The second-hand machinery market in Europe is still alive and kicking even though it only constitutes a small proportion of the global tannery machinery market. Many machinery manufacturers have realised that there is more money to be made from new machines and it wouldn’t take too long to count the number of machinery companies who only recondition tannery machines.

However, second-hand machinery plays an integral part in the leather industry for several reasons. For example, given the quantity and the quality of the leather produced from tanners in Italy, machinery is often upgraded or replaced on a regular basis. Machines built over a decade ago mostly incorporated cast iron frames that stand the test of time, so tanners often realise that by investing in a reconditioned machine, the quality is almost as good as new. And the fact that reconditioned machines lack today’s modern technology and are, therefore, easier to use will benefit smaller producers and tanneries in countries such as India and Pakistan where the second-hand machinery market is growing at a steady pace. Plus, with the current downturn in the global leather industry, price is certainly an important factor.


Founded in 1946, Italian specialist machinery manufacturers Mosconi SpA started reconditioning machines in around 1960, any kind of machine to begin with, but then mostly splitting machines. But with so many other companies, Mosconi soon realised that money was to be made from manufacturing rather than repairing and, in 1969, the company began producing their own splitting machines, an area where the company now specialise.

‘With all the new safety devices and new technology gradually being introduced onto the market, it was logical for us to start producing our own machines’, explains Diego Frigo, sales manager. Today, Mosconi still recondition machines but only their own. As the company manufacture 75% of the all the parts for their machines, reconditioning only their own machines means that parts are always available. This is also beneficial given that Mosconi strip every machine down to the frame and rebuild the whole thing from the beginning.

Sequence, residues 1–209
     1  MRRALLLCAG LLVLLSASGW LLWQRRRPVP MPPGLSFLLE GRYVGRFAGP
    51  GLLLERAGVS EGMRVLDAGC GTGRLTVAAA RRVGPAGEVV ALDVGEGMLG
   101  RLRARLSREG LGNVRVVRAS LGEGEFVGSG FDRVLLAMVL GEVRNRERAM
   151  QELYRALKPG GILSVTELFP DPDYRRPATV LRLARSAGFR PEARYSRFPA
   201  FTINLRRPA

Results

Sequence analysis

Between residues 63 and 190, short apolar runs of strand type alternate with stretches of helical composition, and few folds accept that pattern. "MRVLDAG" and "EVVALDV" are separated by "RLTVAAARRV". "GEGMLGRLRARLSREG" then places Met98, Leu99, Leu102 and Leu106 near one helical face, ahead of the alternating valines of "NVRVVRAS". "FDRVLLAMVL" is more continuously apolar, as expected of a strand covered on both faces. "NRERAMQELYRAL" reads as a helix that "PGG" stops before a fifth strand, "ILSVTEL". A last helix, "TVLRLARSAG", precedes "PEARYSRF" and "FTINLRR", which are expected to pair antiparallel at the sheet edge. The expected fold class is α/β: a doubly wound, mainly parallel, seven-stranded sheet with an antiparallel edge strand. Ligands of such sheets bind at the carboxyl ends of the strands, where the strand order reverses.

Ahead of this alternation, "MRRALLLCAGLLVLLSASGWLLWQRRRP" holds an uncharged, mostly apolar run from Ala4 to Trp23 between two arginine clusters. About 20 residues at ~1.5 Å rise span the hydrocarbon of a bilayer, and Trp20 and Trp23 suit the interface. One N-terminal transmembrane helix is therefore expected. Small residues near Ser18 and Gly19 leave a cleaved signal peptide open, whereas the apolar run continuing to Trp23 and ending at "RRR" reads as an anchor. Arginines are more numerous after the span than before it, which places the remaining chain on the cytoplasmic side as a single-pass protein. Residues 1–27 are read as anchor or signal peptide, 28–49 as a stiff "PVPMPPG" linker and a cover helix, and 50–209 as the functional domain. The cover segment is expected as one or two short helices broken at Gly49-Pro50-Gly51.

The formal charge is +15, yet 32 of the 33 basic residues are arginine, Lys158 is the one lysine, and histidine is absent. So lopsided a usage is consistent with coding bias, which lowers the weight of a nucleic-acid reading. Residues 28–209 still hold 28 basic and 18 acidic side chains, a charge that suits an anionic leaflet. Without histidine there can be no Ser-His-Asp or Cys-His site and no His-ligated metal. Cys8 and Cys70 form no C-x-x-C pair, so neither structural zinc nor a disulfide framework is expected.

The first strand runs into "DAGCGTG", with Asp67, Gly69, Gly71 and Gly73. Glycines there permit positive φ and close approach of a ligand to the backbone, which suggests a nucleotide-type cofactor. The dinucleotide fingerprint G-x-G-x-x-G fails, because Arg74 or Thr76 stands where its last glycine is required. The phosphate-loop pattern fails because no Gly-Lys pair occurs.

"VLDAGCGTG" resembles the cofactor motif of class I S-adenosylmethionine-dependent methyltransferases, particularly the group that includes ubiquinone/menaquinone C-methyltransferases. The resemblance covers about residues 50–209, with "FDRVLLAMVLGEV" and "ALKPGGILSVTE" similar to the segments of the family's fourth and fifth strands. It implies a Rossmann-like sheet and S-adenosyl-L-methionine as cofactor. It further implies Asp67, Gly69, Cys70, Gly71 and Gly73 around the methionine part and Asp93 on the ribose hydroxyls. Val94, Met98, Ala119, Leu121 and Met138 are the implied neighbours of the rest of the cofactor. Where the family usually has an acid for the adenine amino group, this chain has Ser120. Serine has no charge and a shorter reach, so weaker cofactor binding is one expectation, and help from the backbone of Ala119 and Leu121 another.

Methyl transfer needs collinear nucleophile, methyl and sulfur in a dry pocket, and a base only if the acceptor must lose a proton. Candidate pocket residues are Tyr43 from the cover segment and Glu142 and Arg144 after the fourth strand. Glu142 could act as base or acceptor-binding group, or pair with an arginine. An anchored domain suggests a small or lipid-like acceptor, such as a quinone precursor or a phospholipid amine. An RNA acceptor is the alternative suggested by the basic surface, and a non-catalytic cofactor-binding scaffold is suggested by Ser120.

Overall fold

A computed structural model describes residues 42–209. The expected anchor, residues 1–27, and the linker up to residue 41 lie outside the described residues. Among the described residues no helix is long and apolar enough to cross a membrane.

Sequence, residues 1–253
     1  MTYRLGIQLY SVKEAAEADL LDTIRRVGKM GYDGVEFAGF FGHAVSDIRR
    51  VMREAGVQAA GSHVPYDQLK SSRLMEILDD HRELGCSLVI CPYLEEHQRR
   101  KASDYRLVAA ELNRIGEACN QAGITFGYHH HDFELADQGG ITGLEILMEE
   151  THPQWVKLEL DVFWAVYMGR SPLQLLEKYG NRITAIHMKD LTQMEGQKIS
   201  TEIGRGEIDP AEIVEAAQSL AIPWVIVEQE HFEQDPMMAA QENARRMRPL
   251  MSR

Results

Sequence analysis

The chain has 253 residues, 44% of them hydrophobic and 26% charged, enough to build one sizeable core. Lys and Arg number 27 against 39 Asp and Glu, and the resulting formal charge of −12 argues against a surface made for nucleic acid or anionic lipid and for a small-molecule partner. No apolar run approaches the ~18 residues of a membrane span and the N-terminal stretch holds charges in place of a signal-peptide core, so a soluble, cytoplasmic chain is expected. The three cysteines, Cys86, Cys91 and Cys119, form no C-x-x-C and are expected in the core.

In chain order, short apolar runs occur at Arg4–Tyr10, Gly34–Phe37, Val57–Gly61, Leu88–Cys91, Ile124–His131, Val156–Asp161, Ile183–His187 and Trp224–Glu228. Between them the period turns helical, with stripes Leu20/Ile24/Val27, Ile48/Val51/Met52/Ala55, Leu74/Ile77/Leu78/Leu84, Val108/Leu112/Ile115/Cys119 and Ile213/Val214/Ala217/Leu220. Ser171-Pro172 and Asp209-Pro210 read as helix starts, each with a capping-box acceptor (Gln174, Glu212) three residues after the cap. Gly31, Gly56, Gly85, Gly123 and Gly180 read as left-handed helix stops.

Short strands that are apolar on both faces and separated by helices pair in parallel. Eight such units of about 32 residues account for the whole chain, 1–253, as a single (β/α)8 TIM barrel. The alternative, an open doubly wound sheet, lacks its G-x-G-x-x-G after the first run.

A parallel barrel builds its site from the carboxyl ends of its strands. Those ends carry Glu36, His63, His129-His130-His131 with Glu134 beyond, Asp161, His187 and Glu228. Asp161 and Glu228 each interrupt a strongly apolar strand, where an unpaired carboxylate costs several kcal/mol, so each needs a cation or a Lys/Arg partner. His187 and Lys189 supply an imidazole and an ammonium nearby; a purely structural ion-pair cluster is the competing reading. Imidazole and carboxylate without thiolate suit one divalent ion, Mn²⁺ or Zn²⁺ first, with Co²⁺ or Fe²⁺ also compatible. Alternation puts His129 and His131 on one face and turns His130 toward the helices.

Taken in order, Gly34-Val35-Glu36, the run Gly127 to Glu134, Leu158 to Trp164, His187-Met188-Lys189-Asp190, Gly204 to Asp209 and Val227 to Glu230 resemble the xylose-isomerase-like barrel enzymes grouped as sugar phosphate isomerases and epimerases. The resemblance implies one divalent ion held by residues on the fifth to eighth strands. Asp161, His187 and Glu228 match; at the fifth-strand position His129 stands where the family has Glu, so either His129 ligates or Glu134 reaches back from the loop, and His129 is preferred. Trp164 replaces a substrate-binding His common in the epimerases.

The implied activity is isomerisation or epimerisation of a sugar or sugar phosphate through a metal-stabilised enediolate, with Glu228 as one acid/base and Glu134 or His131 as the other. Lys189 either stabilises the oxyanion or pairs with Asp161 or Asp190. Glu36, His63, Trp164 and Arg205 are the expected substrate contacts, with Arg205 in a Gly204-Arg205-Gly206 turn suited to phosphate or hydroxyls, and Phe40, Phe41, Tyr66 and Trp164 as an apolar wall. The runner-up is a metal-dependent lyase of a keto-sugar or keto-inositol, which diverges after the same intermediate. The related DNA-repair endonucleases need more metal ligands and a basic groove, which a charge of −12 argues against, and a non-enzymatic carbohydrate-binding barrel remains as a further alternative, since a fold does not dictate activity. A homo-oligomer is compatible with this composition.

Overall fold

There are several machinery manufacturers in Italy that began life as second-hand machinery renovators but have moved into the production of their own machines. Escomar Italia Srl are another such company.

They began life in 1973 trading in reconditioned machines but now prefer to market themselves as actual manufacturers of tannery machines. Reconditioning still plays a part of the company’s day-to-day business, but the company will only take an old machine when it is being replaced with a new machine of their own.


Marco Aletti, general manager of Italian specialist machinery manufacturers Aletti Giovanni & Figli Srl, believes that there is still strong competition in the second-hand machinery market. ‘Ten years ago, the quality of tannery machines was first class but then, suddenly, price became an issue and the result was that the quality of the machines dropped.

‘So when a tanner invests nowadays in a second-hand machine originally built over ten years ago, he’s getting a good quality machine.’ Around 5% of the company’s turnover is generated by second-hand machinery but, like so many other companies, Aletti only recondition their own machines because the spare parts are readily available. The company also give the same guarantee for a reconditioned machine as they do for a new machine.


Alpespak is the second workshop, sister company of Alpe, formed in 1995 and specialising in the splitting machine sector. In addition to producing splitting machines from new, they also fully re-build splitting machines in each brand, size and model for wet-blue, lime and dry with spare parts, service and technical assistance offered.

They recondition all types of machines, from drums to finishing, with the emphasis on Italian made brands. They buy and import from around the world but, again, the Italian market is their main market, Arzignano in particular.